> On Apr 6, 2018, at 8:03 AM, David Winsemius <[hidden email]> wrote: > > >> On Apr 6, 2018, at 3:43 AM, g l <[hidden email]> wrote: >> >>> Sent: Friday, April 06, 2018 at 5:55 AM >>> From: "David Winsemius" <[hidden email]> >>> >>> >>> Not correct. You already have `predict`. It is capale of using the `newdata` values to do interpolation with the values of the coefficients in the model. See: >>> >>> ?predict >>> >> >> The § details did not mention interpolation explicity; thanks. >> >>> The original question asked for a derivative (i.e. a "gradient"), but so far it's not clear that you understand the mathematical definiton of that term. We also remain unclear whether this is homework. >>> >> >> The motivation of this post was simple differentiation of a tangent point (dy/dx) manually, then wondering how to re-think in modern-day computing terms. Hence the original question about asking the appropriate functions/syntax to read further ("curiosity"), not the answer (indeed, "homework"). :) >> >> Personal curiosity should be considered "homework". > > Besides symbolic differentiation, there is also the option of numeric differentiation. Here's an amateurish attempt: > > myNumDeriv <- function(x){ (exp( predict (graphmodeld, newdata=data.frame(t=x+.0001))) - > exp( predict (graphmodeld, newdata=data.frame(t=x) )))/ > .0001 } > myNumDeriv(c(100, 250, 350)) I realized that this would not work in the context of your construction. I had earlier made a more symbolic version using R formulae: graphdata<-read.csv(text='t,c 0,100 40,78 80,59 120,38 160,25 200,21 240,16 280,12 320,10 360,9 400,7') graphmodeld<-lm(log(c)~t, graphdata) graphmodelp<-exp(predict(graphmodeld)) plot(c~t, graphdata) lines(graphdata[,1],graphmodelp) myNumDeriv(c(100, 250, 350), graphmodeld ) #---------------------------------------------- 1 2 3 -0.31464102 -0.11310753 -0.05718414 > > > > David Winsemius > Alameda, CA, USA > > 'Any technology distinguishable from magic is insufficiently advanced.' -Gehm's Corollary to Clarke's Third Law > > ______________________________________________ > [hidden email] mailing list -- To UNSUBSCRIBE and more, see > https://stat.ethz.ch/mailman/listinfo/r-help > PLEASE do read the posting guide http://www.R-project.org/posting-guide.html > and provide commented, minimal, self-contained, reproducible code. David Winsemius Alameda, CA, USA 'Any technology distinguishable from magic is insufficiently advanced.' -Gehm's Corollary to Clarke's Third Law ______________________________________________ [hidden email] mailing list -- To UNSUBSCRIBE and more, see https://stat.ethz.ch/mailman/listinfo/r-help PLEASE do read the posting guide http://www.R-project.org/posting-guide.html and provide commented, minimal, self-contained, reproducible code. |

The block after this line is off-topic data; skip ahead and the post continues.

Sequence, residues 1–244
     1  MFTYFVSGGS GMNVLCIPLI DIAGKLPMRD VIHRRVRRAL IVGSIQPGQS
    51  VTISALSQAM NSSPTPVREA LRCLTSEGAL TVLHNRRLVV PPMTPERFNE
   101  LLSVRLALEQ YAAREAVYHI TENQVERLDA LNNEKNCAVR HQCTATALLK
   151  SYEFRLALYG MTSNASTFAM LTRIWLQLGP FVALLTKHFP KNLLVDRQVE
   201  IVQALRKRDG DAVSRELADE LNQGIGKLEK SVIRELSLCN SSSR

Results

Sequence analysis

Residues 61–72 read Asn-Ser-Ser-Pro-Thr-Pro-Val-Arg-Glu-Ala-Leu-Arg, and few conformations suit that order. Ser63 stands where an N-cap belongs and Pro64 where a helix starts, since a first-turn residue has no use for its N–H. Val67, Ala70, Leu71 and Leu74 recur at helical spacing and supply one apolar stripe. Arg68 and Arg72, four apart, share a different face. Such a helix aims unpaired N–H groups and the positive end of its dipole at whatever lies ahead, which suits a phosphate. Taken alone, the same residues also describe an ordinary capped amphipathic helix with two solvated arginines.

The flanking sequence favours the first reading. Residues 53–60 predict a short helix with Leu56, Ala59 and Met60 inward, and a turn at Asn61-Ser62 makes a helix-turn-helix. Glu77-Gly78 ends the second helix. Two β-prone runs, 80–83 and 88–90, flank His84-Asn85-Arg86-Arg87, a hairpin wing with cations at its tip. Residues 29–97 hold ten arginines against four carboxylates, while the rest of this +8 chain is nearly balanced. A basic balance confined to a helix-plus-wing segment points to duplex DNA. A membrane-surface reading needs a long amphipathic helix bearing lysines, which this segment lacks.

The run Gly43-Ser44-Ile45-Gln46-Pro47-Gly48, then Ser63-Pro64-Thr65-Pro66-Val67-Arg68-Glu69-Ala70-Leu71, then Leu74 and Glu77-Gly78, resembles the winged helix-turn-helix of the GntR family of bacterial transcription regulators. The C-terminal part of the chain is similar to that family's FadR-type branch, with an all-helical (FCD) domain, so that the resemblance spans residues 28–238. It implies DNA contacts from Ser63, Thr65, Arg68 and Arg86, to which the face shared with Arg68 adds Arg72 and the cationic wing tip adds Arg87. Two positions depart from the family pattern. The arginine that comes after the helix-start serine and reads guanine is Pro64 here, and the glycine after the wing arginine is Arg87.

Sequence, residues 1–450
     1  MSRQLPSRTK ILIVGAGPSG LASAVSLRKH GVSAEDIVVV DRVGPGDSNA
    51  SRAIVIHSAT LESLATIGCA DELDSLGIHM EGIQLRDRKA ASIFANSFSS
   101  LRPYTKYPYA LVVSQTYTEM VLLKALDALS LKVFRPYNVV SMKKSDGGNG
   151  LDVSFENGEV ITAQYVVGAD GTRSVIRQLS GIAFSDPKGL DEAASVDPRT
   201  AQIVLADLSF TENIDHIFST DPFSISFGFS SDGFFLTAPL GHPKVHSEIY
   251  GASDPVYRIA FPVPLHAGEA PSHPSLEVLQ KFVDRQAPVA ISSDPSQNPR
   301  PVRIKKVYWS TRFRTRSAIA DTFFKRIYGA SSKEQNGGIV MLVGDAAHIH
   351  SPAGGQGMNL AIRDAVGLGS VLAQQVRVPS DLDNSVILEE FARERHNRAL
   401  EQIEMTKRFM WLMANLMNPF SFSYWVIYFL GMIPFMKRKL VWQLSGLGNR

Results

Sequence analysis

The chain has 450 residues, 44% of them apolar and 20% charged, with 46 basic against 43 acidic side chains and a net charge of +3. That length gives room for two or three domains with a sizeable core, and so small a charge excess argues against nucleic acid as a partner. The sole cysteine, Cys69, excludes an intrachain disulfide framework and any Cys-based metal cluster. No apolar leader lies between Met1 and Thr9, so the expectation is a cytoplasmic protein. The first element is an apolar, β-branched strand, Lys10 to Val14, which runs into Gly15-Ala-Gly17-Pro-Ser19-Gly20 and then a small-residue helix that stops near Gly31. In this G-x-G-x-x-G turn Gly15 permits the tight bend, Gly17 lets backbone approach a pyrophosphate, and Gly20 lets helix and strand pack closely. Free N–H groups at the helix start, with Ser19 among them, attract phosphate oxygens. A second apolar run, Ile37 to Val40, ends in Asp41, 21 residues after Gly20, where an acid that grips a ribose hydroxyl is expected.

> On Apr 6, 2018, at 8:15 AM, David Winsemius <[hidden email]> wrote: > >> >> On Apr 6, 2018, at 8:03 AM, David Winsemius <[hidden email]> wrote: >> >> >>> On Apr 6, 2018, at 3:43 AM, g l <[hidden email]> wrote: >>> >>>> Sent: Friday, April 06, 2018 at 5:55 AM >>>> From: "David Winsemius" <[hidden email]> >>>> >>>> >>>> Not correct. You already have `predict`. It is capale of using the `newdata` values to do interpolation with the values of the coefficients in the model. See: >>>> >>>> ?predict >>>> >>> >>> The § details did not mention interpolation explicity; thanks. >>> >>>> The original question asked for a derivative (i.e. a "gradient"), but so far it's not clear that you understand the mathematical definiton of that term. We also remain unclear whether this is homework. >>>> >>> >>> The motivation of this post was simple differentiation of a tangent point (dy/dx) manually, then wondering how to re-think in modern-day computing terms. Hence the original question about asking the appropriate functions/syntax to read further ("curiosity"), not the answer (indeed, "homework"). :) >>> >>> Personal curiosity should be considered "homework". >> >> Besides symbolic differentiation, there is also the option of numeric differentiation. Here's an amateurish attempt: >> >> myNumDeriv <- function(x){ (exp( predict (graphmodeld, newdata=data.frame(t=x+.0001))) - >> exp( predict (graphmodeld, newdata=data.frame(t=x) )))/ >> .0001 } >> myNumDeriv(c(100, 250, 350)) > > I realized that this would not work in the context of your construction. I had earlier made a more symbolic version using R formulae: > > graphdata<-read.csv(text='t,c > 0,100 > 40,78 > 80,59 > 120,38 > 160,25 > 200,21 > 240,16 > 280,12 > 320,10 > 360,9 > 400,7') > graphmodeld<-lm(log(c)~t, graphdata) > graphmodelp<-exp(predict(graphmodeld)) > plot(c~t, graphdata) > lines(graphdata[,1],graphmodelp) Again I attempt to correct my incomplete code with this definition that had be modified to take a model object as its second argument: myNumDeriv <- function(x, mod) (exp( predict (mod, newdata=data.frame(t=x+.0001))) - exp( predict (mod, newdata=data.frame(t=x) )))/.0001 > myNumDeriv(c(100, 250, 350), graphmodeld ) > #---------------------------------------------- > 1 2 3 > -0.31464102 -0.11310753 -0.05718414 > > >> >> >> >> David Winsemius >> Alameda, CA, USA >> >> 'Any technology distinguishable from magic is insufficiently advanced.' -Gehm's Corollary to Clarke's Third Law >> >> ______________________________________________ >> [hidden email] mailing list -- To UNSUBSCRIBE and more, see >> https://stat.ethz.ch/mailman/listinfo/r-help >> PLEASE do read the posting guide http://www.R-project.org/posting-guide.html >> and provide commented, minimal, self-contained, reproducible code. > > David Winsemius > Alameda, CA, USA > > 'Any technology distinguishable from magic is insufficiently advanced.' -Gehm's Corollary to Clarke's Third Law > > ______________________________________________ > [hidden email] mailing list -- To UNSUBSCRIBE and more, see > https://stat.ethz.ch/mailman/listinfo/r-help > PLEASE do read the posting guide http://www.R-project.org/posting-guide.html > and provide commented, minimal, self-contained, reproducible code. David Winsemius Alameda, CA, USA 'Any technology distinguishable from magic is insufficiently advanced.' -Gehm's Corollary to Clarke's Third Law ______________________________________________ [hidden email] mailing list -- To UNSUBSCRIBE and more, see https://stat.ethz.ch/mailman/listinfo/r-help PLEASE do read the posting guide http://www.R-project.org/posting-guide.html and provide commented, minimal, self-contained, reproducible code. |